Teachers' effectiveness can be reliably estimated by gauging their students' progress on standardized tests, according to the preliminary findings of a large-scale study released Friday by leading education researchers.
The study, funded by the the Bill and Melinda Gates Foundation, provides some of the strongest evidence to date of the validity of "value-added" analysis, whose accuracy has been hotly contested by teachers unions and some education experts who question the use of test scores to evaluate teachers.
The approach estimates a teacher's impact by comparing his or her students' performance on standardized tests to that in previous years. It has been adopted around the country in districts including New York City, Washington, Houston and soon, if local officials have their way, in Los Angeles.
READ THE DOCUMENT: The full text of the Gates Foundation report, annotated by Times Staff Writer Jason Felch
The $45-million Measures of Effective Teaching study is a groundbreaking effort to identify reliable gauges of teacher performance through an intensive look at 3,000 teachers in cities throughout the country. Ultimately, it will examine multiple approaches, including using sophisticated observation tools and teachers' assessments of their own performance.
The results have been eagerly awaited by education officials and come amid a national effort to reinvent teacher evaluations, which for decades have been based on occasional, cursory observations by principals who give passing grades to the vast majority of teachers.
But some experts and teachers union officials believe the findings are premature.
"The hope of [the project] was to figure out the kind of instructional practices that would help improve student achievement over time, but this preliminary report does not do that," said American Federation of Teachers President Randi Weingarten, who has collaborated closely with the researchers. "We're disappointed that it was rushed out when even the authors admit it is incomplete."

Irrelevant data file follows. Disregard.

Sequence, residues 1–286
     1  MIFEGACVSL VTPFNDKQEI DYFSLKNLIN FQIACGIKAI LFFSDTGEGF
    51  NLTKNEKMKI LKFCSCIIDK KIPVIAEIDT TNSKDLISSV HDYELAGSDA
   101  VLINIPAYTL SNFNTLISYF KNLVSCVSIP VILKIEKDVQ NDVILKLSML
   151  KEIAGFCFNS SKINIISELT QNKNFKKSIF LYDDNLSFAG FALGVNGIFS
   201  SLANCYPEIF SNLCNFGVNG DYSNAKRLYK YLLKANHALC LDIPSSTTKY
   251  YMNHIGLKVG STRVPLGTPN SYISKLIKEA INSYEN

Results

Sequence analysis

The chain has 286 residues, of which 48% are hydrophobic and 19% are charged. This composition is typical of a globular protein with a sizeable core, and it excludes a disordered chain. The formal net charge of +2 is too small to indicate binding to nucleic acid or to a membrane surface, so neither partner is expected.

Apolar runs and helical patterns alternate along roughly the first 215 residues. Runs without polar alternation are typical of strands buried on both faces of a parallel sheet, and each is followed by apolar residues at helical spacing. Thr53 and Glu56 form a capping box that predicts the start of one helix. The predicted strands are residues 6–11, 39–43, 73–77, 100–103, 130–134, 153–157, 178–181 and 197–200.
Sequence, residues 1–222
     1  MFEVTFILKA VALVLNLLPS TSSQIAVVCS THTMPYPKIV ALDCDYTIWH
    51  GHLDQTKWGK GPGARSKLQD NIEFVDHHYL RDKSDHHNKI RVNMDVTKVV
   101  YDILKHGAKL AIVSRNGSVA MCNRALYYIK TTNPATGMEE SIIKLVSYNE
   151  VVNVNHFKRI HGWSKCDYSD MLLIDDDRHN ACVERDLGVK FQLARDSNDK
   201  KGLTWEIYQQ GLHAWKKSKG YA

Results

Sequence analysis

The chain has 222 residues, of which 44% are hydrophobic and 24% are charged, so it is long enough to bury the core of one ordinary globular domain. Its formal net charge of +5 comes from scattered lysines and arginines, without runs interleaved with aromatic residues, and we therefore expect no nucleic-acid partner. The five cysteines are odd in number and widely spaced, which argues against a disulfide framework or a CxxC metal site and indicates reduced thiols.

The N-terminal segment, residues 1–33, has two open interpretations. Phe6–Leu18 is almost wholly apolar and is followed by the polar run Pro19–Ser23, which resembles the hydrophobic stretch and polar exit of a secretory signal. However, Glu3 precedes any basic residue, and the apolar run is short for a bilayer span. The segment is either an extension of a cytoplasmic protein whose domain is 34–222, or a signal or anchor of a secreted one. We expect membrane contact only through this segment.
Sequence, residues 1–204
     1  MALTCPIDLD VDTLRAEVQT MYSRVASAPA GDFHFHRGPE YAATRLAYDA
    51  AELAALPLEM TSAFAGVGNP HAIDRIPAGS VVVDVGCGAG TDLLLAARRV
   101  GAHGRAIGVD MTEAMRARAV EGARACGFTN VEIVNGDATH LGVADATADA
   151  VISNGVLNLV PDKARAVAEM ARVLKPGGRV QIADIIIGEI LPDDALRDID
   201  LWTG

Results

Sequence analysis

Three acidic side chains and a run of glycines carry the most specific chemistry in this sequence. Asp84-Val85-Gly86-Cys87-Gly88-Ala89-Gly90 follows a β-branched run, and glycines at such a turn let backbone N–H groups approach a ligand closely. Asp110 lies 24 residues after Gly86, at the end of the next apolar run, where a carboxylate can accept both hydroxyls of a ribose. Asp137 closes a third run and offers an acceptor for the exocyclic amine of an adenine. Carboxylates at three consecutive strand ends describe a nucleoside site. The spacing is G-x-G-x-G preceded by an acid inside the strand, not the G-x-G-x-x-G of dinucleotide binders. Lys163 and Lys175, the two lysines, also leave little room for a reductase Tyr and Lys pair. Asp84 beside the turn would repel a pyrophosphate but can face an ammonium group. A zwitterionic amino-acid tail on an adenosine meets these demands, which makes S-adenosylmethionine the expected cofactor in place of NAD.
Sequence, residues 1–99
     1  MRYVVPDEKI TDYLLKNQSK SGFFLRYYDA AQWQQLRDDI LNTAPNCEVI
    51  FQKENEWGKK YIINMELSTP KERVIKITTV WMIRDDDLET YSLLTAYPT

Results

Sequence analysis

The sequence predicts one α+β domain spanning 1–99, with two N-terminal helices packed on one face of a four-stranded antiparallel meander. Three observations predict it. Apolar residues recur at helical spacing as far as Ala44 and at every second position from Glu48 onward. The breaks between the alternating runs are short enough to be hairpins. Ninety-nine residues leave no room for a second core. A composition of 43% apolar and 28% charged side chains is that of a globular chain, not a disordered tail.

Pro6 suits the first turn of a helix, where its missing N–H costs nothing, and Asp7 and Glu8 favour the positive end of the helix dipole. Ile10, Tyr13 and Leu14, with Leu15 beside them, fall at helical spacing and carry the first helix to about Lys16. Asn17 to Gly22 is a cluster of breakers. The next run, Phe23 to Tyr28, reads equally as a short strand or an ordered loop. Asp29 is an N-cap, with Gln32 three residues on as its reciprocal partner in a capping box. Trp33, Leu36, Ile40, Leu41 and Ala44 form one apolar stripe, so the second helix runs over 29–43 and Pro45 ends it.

The preliminary report released Friday focuses on two measures of teacher performance: value-added analysis and student surveys.
Both tend to identify the same teachers as either effective or ineffective, the study found, suggesting they could be used in tandem to give teachers better feedback about their performance. In both cases, findings on which teachers were effective held up when those teachers taught a different class of students, the study found.
The study also found that student gains on standardized tests reflected meaningful learning and critical thinking skills, not just test preparation or memorization -- a frequent concern of critics of the value-added approach.
Because value-added measures were so reliable at predicting teachers' future performance, the researchers urged school districts to use it as a "benchmark" for studying the effect of other measures.
"The evidence on student achievement gains is like a giant divining rod," said Thomas Kane, a professor of education at Harvard University and director of the research project, in an interview. "It says, dig here if you want to learn what great teaching looks like."
A growing body of evidence suggests that there are dramatic differences in teacher effectiveness that are not reflected in the subjective evaluations now in place.
The Times began publishing stories in August using value-added analysis to estimate the effectiveness of thousands of district teachers in raising test scores. Drawing on data the district had largely ignored, The Times found huge variation among teachers with similar students. In an online database, the newspaper released the ratings for 6,000 elementary school teachers and plans to release middle school ratings in coming weeks.
The stories and database fueled an intensive debate nationally over how teachers should be evaluated and whether the results should be made public.
Teachers unions and some education experts have argued that value-added is an unreliable measure that encourages teaching to the test.
The study released Friday addresses several of those concerns, Kane said.
"There are folks out there worry that value-added is measuring a statistical aberration," Kane said. "If that were true, you wouldn't see any correlation to other measures."
For example, value-added was found to be a reliable predictor of future performance on sophisticated tests that measure higher-level concepts, particularly in math.
"Teachers who are producing gains on the state tests are generally also promoting deeper conceptual understanding among their students," the researchers found.
Teachers whose students said they "taught to the test" were, on average, lower performers on value-added measures than their peers, not higher, the study found.